In the past week three critiques of the Chávez government in Venezuela have landed in my e-mail inbox. That is not unusual on its own, of course. In this case, though, all three critiques come from what is usually considered the "left." All of them warn of real – not imagined or hypothetical – concerns, and put the focus on specific and workable recommendations.
- From the arms control community: the Federation of American Scientists’ Strategic Security Blog asks, "Who’s Watching the Guns?"
- From the human rights community: the Venezuelan Program for Education and Action on Human Rights (PROVEA) is one of Venezuela’s oldest and best-known human-rights groups, and it was always unsparingly critical of the governments that came before Chávez. It has just released its latest annual human-rights report, covering October 2005 through September 2006. The tone is very balanced, but still quite critical.
- From a prominent U.S. liberal think-tank: the Center for American Progress, headed by former Clinton White House Chief of Staff John Podesta, has released a new report, "U.S.-Venezuela Policy: A Reality-Based Approach."
Reality makes it possible to largely ignore Chávez. Mutual Venezuela-U.S. energy-sector dependence, for example, undermines Chávez’s ability to access to oil coercively. Notwithstanding Venezuela’s massive oil industry, Chávez’s sphere of effective influence in the Americas and beyond is as overblown as his rhetoric. Profound changes are afoot in the Americas, but Chávez is neither their animating nor sustaining cause. In short, a Chávez-led Venezuela does not pose a national security threat to the United States at present or in the foreseeable future.
"It is time for the international community to speak up. Pressure from foreign governments, and particularly Venezuela’s main trading partners, could help persuade Chavez to moderate his small arms build-up and to beef up controls on military stockpiles. To that end, these governments should take the follow steps: First, they should make it crystal clear to Chavez that he should not arm civilians. The threat posed by the distribution of military firearms to the civilian population is far greater – to Venezuelans and their neighbors – than the phantom US invasion force they ostensibly would be used to thwart. Second, these governments should ask the Venezuelan government to brief them on its plans for preventing the theft, loss or diversion of the rifles and ammunition. The plan should be thorough and detailed, and should include physical security and stockpile accounting practices that meet international standards. Finally, the Organization of American States and Venezuela’s neighbors should monitor the regional trade in illicit small arms and alert the international community if Venezuela’s rifles start appearing on the black market."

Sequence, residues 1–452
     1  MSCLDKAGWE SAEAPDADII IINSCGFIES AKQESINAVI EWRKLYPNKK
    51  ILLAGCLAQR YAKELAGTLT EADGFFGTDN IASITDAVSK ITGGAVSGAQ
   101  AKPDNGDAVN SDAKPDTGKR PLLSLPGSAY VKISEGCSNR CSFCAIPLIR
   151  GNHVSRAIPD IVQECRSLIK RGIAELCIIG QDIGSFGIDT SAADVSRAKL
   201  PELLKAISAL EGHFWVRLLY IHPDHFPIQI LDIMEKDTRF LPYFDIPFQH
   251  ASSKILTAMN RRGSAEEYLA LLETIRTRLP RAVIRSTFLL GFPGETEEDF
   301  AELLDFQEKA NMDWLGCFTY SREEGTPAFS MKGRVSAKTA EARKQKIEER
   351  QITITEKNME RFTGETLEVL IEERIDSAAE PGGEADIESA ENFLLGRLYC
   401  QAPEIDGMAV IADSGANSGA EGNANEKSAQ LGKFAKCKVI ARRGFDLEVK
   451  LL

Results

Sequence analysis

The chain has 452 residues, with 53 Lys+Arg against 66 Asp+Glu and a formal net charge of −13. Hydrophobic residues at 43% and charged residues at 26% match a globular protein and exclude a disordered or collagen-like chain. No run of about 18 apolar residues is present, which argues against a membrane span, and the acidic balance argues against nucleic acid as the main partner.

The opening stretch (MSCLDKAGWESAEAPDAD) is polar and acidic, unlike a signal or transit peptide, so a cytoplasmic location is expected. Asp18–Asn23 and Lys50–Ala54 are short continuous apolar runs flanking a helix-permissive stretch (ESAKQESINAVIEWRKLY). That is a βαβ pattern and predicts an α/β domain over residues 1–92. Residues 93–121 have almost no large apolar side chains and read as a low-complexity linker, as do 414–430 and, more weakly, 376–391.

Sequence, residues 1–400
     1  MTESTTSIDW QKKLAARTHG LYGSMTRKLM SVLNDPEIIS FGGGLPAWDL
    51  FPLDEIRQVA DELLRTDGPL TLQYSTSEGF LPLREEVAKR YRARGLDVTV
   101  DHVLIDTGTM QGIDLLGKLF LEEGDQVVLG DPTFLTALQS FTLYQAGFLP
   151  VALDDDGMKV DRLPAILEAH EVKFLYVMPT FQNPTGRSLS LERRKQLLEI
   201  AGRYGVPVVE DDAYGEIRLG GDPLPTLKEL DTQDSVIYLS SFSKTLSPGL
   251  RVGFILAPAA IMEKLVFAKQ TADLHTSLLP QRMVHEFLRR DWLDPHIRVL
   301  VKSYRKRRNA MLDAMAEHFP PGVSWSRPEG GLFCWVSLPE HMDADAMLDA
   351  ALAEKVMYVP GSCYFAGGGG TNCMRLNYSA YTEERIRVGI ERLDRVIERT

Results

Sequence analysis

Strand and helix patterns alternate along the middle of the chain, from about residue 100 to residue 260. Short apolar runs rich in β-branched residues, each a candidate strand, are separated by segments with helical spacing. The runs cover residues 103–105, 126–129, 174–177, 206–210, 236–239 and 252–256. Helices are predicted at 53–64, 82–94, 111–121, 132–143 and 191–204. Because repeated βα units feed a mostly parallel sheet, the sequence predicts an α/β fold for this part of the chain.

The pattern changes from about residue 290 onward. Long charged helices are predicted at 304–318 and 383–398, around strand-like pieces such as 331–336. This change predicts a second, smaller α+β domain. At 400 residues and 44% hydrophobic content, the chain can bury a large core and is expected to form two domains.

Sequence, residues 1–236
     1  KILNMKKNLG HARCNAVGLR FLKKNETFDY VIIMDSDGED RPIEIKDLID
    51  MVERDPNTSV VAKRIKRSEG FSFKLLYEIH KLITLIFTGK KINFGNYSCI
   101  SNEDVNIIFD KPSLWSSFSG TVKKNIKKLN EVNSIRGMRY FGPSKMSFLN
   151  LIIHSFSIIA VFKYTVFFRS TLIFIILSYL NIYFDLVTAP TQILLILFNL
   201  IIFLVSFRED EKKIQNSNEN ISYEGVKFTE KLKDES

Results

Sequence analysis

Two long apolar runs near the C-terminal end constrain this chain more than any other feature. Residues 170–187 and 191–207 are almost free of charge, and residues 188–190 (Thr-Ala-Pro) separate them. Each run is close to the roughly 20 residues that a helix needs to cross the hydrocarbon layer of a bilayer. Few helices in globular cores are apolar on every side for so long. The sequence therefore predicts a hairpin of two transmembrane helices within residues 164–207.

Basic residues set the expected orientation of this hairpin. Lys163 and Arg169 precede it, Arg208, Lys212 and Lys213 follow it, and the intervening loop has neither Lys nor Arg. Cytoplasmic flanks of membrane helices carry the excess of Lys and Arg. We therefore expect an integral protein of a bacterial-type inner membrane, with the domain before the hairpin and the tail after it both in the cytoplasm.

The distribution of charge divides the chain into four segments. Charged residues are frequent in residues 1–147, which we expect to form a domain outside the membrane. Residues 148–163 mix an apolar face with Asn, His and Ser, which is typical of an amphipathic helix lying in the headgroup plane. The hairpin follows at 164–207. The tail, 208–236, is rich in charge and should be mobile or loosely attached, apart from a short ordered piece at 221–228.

From the group’s press release: While there have been advances, mainly in the field of social rights, PROVEA expressed its concern for the enormous institutional weaknesses for preventing human-rights violations, investigating or punishing those responsible, or for creating favorable, long-term conditions for the enjoyment or exercise of rights. It highlighted the lack of political will, inefficiency and improvisation on the part of state agencies and bodies in the design and execution of consistent, coherent and integral policies to achieve an improvement in the country’s human-rights situtation.
These critiques are very welcome. They are far more interesting than what is coming from the right ("he’s a thug, we must contain the spread of this cancer") and from the "Chávez, right or wrong" crowd. They actually offer suggestions for how Venezuela’s elected leaders can govern better, and recommendations for a more constructive U.S. approach.
Despite the extreme current polarization – which continues to make work on Venezuela resemble poking a hornet’s nest – lets hope that both Caracas and Washington take these suggestions in that spirit.